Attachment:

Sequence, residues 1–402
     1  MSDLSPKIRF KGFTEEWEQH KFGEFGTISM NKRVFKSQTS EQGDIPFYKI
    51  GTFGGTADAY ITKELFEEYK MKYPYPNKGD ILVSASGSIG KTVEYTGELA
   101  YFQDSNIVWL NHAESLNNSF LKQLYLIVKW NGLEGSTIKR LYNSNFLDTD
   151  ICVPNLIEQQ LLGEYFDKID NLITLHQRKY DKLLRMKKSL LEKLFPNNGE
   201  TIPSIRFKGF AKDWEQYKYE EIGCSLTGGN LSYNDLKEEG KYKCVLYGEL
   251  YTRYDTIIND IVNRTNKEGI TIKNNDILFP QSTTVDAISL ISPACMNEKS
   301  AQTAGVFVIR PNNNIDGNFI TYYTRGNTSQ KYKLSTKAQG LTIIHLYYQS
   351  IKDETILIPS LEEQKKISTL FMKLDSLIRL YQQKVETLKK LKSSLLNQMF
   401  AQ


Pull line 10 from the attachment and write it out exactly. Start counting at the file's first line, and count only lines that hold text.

   401  AQ